Raya and the Last Dragon

Raya and the Last Dragon deserves to be a runaway hit. Disney cranks out great animated features on a regular basis, but this one is particularly exceptional. I wasn't sure we needed another animated movie about dragons, following three How to Train Your Dragon installments, not to mention stuff like Kung Fu Panda 3 and Shrek that feature the mystical creatures. Raya has a fresh take on the idea and it uses dragons in service of a potent story about the value of trust. Not once did I feel a sense of “been there, done that.”

The story begins with a little exposition about the kingdom of Kumandra, which was attacked by monsters called the Druun that turned most of the dragons and many of the humans into stone. Rather than banding together, Kumandra splintered into five tribes in the aftermath, each blaming the others for their shared misfortune. Now the Druun have returned, thanks to a bad choice young warrior Raya (Kelly Marie Tran) made as a child. She dreams of finding a way to fulfill her father's dream of reuniting her kingdom in full.

In an effort to accomplish this, Raya tracks down Sisu (Awkwafina), the sole dragon to have survived the Druun attack. Sisu has been missing for so long that even she presumed she was dead. Once discovered, the two have to reassemble a magic orb, the pieces of which are scattered across the five tribes. The orb is the only known defense against the Druud. Pursuing them is Namaari (Gemma Chan), a warrior princess of the Fang tribe who wants the orb pieces for her own reasons. Raya and Sisu assemble a colorful, ragtag team of helpers in their quest, including the former's pet Tuk Tuk (an armadillo/pill bug combination), a precocious baby, a giant, and a 10-year-old entrepreneur.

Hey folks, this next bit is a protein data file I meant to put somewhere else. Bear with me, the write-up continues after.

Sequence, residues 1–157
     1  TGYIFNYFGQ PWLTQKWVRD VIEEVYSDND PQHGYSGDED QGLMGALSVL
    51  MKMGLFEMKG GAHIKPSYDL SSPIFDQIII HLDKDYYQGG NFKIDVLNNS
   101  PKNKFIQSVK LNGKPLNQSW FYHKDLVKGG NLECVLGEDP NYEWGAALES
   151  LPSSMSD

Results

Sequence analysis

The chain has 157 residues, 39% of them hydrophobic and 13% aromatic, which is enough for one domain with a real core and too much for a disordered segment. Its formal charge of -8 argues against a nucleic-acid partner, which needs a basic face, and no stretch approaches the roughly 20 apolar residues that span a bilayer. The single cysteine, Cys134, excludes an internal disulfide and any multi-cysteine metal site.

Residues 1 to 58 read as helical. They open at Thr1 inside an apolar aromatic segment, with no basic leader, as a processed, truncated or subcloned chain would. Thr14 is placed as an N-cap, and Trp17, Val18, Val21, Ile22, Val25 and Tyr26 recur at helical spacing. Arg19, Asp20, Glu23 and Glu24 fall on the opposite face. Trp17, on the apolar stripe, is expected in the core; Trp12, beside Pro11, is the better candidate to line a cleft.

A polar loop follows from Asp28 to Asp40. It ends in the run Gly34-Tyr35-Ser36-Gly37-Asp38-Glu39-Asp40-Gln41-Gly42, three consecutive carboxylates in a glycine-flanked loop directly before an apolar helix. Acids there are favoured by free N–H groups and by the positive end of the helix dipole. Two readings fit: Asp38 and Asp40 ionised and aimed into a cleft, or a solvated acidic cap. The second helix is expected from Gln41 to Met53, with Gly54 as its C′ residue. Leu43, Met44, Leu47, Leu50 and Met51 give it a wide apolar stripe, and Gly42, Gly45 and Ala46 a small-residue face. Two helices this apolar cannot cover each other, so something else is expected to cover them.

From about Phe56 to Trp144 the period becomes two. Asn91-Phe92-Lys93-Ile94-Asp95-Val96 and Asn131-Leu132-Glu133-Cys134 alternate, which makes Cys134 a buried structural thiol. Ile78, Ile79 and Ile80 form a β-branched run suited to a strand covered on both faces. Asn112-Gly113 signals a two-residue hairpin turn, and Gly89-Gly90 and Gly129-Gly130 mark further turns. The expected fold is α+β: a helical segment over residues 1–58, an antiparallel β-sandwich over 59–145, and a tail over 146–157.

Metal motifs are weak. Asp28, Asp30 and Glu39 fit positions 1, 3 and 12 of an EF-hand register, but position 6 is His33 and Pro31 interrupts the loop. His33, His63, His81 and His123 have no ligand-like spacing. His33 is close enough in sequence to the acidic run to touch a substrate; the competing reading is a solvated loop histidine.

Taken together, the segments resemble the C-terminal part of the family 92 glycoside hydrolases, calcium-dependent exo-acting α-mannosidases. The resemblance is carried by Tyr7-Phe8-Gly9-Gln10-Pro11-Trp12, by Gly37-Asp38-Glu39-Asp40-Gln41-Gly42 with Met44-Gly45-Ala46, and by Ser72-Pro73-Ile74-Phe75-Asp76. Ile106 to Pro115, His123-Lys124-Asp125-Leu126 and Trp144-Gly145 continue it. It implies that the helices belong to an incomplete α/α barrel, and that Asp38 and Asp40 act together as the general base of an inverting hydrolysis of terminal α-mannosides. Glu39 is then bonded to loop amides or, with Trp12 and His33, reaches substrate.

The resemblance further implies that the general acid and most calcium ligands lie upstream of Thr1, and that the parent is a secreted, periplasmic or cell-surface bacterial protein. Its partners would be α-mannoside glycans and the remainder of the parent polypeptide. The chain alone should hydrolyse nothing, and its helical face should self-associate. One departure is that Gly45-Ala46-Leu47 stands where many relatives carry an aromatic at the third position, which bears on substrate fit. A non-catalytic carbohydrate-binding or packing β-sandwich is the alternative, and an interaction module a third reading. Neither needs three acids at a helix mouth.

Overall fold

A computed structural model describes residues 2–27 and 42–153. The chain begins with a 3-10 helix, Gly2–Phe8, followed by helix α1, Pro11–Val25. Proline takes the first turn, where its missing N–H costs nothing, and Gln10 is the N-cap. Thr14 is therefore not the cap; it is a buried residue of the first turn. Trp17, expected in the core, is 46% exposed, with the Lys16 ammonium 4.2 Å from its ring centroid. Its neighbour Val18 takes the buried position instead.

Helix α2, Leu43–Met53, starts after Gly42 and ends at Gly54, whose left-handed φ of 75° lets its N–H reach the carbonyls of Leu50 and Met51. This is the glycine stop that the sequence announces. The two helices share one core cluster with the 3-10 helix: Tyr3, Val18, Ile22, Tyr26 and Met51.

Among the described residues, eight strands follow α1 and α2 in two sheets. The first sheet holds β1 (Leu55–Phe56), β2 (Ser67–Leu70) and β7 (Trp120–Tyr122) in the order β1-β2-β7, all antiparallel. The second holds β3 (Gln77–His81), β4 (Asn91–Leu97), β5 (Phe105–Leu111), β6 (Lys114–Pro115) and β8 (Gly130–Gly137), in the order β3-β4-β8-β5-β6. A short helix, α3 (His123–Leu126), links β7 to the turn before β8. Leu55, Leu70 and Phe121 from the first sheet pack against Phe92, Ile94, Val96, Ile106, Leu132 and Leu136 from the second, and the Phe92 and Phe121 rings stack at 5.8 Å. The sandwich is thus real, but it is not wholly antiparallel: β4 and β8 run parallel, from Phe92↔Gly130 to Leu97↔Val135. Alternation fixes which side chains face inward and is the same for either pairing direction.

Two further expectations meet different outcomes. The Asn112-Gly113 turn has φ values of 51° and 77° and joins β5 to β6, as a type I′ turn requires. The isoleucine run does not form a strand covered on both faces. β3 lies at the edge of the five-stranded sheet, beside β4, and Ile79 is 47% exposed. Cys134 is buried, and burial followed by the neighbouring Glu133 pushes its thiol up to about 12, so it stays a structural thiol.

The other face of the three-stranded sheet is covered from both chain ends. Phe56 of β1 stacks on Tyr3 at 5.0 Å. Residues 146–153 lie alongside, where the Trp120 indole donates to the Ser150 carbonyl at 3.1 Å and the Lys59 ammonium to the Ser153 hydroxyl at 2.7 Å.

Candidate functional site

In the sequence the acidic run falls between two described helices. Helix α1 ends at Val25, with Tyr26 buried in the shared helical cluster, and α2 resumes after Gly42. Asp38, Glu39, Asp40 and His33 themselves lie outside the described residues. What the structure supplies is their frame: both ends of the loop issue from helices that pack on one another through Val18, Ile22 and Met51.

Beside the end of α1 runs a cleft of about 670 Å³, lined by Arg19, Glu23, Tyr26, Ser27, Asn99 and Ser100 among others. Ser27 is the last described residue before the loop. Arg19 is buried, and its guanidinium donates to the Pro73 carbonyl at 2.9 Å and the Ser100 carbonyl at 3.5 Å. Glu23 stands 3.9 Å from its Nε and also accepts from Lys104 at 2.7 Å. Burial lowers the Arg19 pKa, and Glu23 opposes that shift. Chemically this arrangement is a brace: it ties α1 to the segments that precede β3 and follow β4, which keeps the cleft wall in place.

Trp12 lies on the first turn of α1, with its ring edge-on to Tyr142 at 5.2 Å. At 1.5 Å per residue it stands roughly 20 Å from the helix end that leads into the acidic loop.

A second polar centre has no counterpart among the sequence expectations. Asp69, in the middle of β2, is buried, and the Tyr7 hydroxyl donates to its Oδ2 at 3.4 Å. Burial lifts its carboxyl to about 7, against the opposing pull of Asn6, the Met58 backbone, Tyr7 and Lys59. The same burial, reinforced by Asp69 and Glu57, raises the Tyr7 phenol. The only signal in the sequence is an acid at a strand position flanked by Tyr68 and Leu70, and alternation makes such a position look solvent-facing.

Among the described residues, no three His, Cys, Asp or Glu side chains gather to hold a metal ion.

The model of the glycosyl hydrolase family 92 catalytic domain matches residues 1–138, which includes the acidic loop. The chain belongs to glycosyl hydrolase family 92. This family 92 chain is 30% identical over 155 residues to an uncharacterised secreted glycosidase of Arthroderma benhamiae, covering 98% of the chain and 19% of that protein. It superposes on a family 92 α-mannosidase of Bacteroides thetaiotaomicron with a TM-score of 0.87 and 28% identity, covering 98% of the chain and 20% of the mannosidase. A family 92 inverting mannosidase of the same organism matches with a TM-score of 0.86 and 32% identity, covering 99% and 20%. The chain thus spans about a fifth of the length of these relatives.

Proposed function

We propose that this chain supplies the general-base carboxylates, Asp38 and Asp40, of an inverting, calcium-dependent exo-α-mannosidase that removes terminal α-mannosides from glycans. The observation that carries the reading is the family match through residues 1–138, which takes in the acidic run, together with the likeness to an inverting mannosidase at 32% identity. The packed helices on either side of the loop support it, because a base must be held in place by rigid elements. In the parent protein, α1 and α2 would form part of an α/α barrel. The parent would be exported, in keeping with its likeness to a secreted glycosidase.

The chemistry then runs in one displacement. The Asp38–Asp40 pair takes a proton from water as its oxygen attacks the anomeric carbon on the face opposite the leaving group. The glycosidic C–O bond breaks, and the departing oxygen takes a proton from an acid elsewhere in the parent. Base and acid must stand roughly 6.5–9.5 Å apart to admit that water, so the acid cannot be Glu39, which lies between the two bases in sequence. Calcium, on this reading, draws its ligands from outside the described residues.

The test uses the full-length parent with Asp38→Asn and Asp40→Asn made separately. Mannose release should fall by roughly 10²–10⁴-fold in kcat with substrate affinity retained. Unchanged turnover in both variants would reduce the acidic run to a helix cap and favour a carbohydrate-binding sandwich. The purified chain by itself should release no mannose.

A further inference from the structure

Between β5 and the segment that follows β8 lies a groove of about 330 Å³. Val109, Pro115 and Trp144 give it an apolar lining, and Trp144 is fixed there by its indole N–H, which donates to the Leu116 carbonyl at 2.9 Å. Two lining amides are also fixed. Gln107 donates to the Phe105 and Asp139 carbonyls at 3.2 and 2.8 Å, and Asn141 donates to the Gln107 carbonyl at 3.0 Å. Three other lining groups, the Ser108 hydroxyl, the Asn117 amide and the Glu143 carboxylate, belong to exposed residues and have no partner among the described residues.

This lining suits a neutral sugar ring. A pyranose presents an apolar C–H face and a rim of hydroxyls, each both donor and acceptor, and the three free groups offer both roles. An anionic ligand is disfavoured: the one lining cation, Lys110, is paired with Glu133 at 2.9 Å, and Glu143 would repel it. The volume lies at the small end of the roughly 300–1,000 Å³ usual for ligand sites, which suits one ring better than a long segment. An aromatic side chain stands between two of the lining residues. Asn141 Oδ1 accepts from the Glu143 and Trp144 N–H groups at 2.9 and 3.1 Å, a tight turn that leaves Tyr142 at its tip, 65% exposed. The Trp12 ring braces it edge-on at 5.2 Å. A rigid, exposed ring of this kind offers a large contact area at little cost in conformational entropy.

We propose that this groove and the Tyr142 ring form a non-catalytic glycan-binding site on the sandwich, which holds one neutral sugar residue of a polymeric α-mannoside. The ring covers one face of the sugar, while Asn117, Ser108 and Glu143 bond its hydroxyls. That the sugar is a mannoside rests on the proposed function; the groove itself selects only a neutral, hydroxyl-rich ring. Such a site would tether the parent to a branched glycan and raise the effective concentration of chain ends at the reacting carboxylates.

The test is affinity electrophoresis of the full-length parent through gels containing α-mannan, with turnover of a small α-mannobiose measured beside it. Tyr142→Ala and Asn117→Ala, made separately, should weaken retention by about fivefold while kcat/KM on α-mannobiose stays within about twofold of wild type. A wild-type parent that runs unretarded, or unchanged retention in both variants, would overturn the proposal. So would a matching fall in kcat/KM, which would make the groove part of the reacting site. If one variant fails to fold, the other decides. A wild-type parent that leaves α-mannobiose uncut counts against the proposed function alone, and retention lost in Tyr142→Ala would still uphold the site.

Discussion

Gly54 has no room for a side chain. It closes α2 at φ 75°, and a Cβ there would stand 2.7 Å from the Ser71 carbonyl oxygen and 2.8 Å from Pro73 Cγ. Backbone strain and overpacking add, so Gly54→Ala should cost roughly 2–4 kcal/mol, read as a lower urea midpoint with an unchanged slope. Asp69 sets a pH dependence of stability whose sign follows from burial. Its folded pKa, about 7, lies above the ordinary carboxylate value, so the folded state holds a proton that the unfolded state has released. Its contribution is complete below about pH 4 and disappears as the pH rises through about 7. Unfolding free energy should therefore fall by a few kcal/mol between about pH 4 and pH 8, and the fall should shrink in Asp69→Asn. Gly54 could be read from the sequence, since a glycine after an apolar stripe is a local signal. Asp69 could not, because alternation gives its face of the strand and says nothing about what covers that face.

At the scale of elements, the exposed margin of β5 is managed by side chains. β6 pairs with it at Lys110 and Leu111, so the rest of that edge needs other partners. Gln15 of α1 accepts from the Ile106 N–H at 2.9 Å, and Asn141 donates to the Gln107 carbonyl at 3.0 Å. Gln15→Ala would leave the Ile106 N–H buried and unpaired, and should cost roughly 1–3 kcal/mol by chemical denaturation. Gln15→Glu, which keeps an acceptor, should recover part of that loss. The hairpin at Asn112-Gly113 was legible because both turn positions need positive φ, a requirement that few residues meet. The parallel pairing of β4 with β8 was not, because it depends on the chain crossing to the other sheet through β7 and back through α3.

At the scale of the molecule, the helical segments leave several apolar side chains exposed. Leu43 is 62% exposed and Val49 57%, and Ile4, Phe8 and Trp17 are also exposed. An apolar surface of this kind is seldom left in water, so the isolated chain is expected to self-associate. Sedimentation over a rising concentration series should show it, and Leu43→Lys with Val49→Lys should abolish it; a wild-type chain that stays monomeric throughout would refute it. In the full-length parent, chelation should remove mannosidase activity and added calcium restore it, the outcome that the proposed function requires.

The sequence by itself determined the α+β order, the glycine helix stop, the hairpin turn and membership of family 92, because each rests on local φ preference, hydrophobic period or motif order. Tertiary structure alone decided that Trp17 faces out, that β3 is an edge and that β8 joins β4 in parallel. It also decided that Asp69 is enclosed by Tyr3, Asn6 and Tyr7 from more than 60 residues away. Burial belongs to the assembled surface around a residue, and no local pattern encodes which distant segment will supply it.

Raya and the Last Dragon hits the bullseye on every count. At this point, it's become somewhat redundant to call any Disney, Pixar, or DreamWorks animated movie gorgeous to look at. All have established themselves as pioneers of the format, pushing its boundaries with each new effort. That said, the cultural influences here add real flavor. Like the story itself, the visuals are inspired by Southeast Asian cultures. Directors Don Hall (Big Hero 6) and Carloz Lopez Estrada (Blindspotting) carefully integrate everything to make this world come alive.

Perfect voice casting adds to the impact. Kelly Marie Tran brings a lot of emotion to Raya. Through her efforts, we feel the character's guilt over the past incident that so gravely affected her people, as well as the fierce determination that drives her to correct the situation. As she did in Star Wars: The Last Jedi, Tran shows a strong ability to play a believably heroic character without losing the relatable human side. Awkwafina, meanwhile, adds humor to the movie. She portrays Sisu as exuberant over getting rescued, then gradually transforms her into a knowing and loyal presence in the fight to heal Kumandra.

Best of all is the theme of trust that runs through Raya and the Last Dragon. Raya created the problem in Kumandra by trusting someone she shouldn't have. Doubting her own judgement, she now trusts no one. Eventually it becomes clear to her that the only way to reunite her people is to learn how to trust again. The movie pays that idea off in a powerful manner. A great message about believing in the fundamental decency of others lies underneath the adventure.

Raya and the Last Dragon has it all -- rousing adventure, a breathtaking look, appealing characters, and wonderful moments of comedy. This is peak Disney.

out of four

Raya and the Last Dragon is rated PG for some violence, action and thematic elements. The running time is 1 hour and 54 minutes.